Ocean Park's Oldest Historic Treasure
The Temple at Ocean Park is the principal Ocean Park programming facility. On April 28, 1975, it was entered into the National Register of Historic Places, the nation's official list of historic places important to our history and worthy of preservation. The Temple is a multipurpose building, used for a variety of cultural, educational, and religious programs during the ten or eleven week assembly season.
The building was originally known as the "Way of Truth Temple." This name is still in use on town and county records. On many Sunday mornings it is filled to capacity, approximately 800 people, with additional seating on the benches in the grove beside the Temple. In earlier years, the two side rooms, off the stage, had seating for additional worshipers and there were 35 benches outdoors. In those days, total capacity was 1,450. All of the furnishings are moveable, providing greater flexibility for programming.
Interdenominational Sunday services feature speakers with national reputations. The Temple services have also been known throughout the years for their outstanding music program, featuring the fifty voice Temple Choir with Jerry Scheinfeld as director and organist. In addition, the Temple Junior Choir , the Temple Bell Choir, and the Temple Brass Ensemble enhance the services.
An Unusual and Flexible Design The octagonal shape of the Temple was a popular design at the time the building was constructed. There is an octagonal house on Saco Avenue in Old Orchard Beach as a well as a few octagonal towers on local houses. The design was evident in the White Mountain area of New Hampshire and there are still several octagonal barns in Vermont. Many Chautauqua sites have at least one octagonal building. Two notable sites are Chautauqua, New York and Ocean Grove, New Jersey. At the time of construction, the Temple was, and still is, one of the largest octagonal buildings in existence. The symmetry of the design and the unique extended post and beam superstructure lend a particular architectural appeal to the building.
The Temple was built in 1881 by James Bickford, a builder from Portland. The firm of Dow and Wheeler drew up the plans, charging $27.50 for the work. Construction began on June 6, 1881 and the building was dedicated on August 2, 1881. The total cost of construction was $3,550, with an additional charge of $42.00 for shutters. The original benched, many still in use, cost $.30 per linear foot with 200 chairs included as a discount. In 1927 the Temple stage was built into the rear extension, expanding seating on the main floor by 300 seats. In 1986 the stage was expanded and in 1989 improvements were made in the lighting. An FM system was installed to assist the hearing impaired during Sunday morning worship, programs, and special events. The Heritage Challenge Capital Fund Drive restored the Temple and provided for 21st century amenities including new plumbing and fixtures and a state-of-the-art sprinkler system.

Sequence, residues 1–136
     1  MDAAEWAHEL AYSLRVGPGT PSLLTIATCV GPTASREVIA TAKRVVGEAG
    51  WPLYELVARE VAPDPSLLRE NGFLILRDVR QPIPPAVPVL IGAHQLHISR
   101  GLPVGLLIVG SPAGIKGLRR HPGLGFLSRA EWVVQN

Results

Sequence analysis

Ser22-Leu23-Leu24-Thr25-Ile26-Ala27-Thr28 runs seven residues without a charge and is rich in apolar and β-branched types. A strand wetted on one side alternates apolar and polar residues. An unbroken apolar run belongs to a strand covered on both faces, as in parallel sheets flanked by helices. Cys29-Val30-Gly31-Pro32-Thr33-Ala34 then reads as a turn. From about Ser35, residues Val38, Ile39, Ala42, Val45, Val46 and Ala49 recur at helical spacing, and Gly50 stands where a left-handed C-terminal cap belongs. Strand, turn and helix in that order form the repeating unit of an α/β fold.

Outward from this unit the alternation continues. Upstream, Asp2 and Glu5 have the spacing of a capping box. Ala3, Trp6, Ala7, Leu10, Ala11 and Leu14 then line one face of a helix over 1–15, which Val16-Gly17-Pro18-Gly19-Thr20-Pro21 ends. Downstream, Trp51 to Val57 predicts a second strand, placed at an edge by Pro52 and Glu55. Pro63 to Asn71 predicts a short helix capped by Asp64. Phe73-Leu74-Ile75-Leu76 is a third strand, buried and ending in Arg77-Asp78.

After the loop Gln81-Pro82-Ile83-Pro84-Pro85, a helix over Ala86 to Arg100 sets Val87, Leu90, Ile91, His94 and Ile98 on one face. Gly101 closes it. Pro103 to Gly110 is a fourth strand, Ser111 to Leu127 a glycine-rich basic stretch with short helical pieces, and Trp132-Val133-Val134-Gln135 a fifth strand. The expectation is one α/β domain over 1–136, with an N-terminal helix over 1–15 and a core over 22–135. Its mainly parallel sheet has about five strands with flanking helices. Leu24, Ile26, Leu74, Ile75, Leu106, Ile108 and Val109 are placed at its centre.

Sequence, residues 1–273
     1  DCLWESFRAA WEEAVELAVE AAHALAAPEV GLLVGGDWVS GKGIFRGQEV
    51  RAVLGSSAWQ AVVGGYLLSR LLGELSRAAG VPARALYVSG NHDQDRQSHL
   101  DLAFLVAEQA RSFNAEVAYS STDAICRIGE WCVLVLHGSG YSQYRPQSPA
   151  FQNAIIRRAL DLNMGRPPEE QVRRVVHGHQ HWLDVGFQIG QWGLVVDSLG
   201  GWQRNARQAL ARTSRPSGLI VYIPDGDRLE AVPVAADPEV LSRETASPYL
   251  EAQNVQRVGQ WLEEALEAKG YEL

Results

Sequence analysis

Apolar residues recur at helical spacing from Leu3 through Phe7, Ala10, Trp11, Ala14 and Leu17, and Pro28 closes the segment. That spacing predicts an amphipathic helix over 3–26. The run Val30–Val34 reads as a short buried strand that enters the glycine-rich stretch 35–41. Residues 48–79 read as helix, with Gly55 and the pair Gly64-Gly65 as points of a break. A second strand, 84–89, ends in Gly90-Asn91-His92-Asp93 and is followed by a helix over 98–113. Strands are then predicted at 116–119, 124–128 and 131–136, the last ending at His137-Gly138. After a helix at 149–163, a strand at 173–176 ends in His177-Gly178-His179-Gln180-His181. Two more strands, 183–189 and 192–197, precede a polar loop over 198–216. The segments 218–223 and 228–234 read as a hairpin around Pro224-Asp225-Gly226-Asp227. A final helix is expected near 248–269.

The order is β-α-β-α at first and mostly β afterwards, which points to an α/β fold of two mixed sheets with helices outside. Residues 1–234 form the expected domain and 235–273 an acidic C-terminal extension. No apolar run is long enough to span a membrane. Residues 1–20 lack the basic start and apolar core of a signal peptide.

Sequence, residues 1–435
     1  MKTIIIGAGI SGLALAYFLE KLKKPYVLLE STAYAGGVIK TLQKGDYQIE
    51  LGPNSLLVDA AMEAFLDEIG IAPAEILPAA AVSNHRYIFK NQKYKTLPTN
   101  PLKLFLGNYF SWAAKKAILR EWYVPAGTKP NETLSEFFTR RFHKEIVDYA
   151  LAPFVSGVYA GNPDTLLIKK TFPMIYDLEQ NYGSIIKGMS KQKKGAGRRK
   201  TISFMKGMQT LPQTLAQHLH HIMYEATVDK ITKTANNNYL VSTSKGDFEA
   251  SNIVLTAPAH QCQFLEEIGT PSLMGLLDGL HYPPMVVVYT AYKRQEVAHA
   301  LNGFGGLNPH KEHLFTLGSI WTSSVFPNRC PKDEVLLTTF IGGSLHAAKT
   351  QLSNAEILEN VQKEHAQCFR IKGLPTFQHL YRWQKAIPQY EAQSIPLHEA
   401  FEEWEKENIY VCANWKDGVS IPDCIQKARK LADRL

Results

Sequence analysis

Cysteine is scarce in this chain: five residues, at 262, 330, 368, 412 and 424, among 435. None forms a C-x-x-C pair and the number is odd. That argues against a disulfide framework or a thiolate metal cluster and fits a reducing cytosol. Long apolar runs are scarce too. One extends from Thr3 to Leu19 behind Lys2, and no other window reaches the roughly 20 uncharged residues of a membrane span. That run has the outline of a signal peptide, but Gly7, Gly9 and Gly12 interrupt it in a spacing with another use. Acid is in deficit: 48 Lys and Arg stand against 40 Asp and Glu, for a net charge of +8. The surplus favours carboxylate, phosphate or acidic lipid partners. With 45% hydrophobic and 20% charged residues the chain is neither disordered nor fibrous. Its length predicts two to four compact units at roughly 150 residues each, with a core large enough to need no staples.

Temple Organ and Piano The "new" Temple organ is a tracker organ built by David Wallace of Gorham, Maine. The console was built by Stanley Griskivich of Cousins Island, Maine. The wood is cherry with stop jams of mahogany.
The wind chests are from three organs built a long time ago. The first chest, on the left, was built in 1867 by George Sevens of Boston and was previously part of the organ used in the Methodist Church in South Berwick, Maine. The center chest was built by Elias and George Hook of Boston in 1954. It was originally built for St. Paul's School in Concord, New Hampshire and was last used in Trinity Episcopal Church, Portland, Maine. The chest on the right was built by Hook and Hastings, also of Boston, circa 1870. The organ has 26 ranks of pipes.
A new Young Chang grand piano was acquired in 1988. Funding was provided through the contributions of those who attended Sunday worship services that year.
Temple Carillon The Stewart Shuster Carillon was installed in 2008. Named in honor of Ocean Park's music director of 49 years, it was dedicated upon his retirement. The Verdin electronic bells toll daily at Noon and 5:00 pm. The carillon is also used for worship services and special functions and ceremonies in Ocean Park. Temple Square Porter Hall, built in 1902 is located to the west of the Temple. Jordan Hall, to the east, was built in 1915. The Bell Tower, located between the Temple and Jordan Hall, was built in 1882. All four structures are on 24 lots of land set aside in the original Ocean Park plan for Assembly use and are collectively known as Temple Square.
The land across the street from the Temple, both front and rear, remains vacant as in the original plan. It is preserved in this way to prevent encroachment upon the Assembly building and as well as to give the entire area its park-like effect. All four buildings were entered into the National Register of Historic Places on March 2, 1982, as the Ocean Park Historic Buildings.
2017 Summer Season
- Get Involved with Music!
- Ocean Park Music Festival
- Wednesday's at Jordan
- Saco Bay Artistst six
- Art in the Park
- Educational Bureau
- Library Hours, etc.
- Library Programs/Book Sale
- Historical Series
- Let's Talk About It
- Learning Through Film
- Special Programs
- Tuesdays in the Park
- Thursdays in the Park
- Technology Workshop
- Writer 's Conference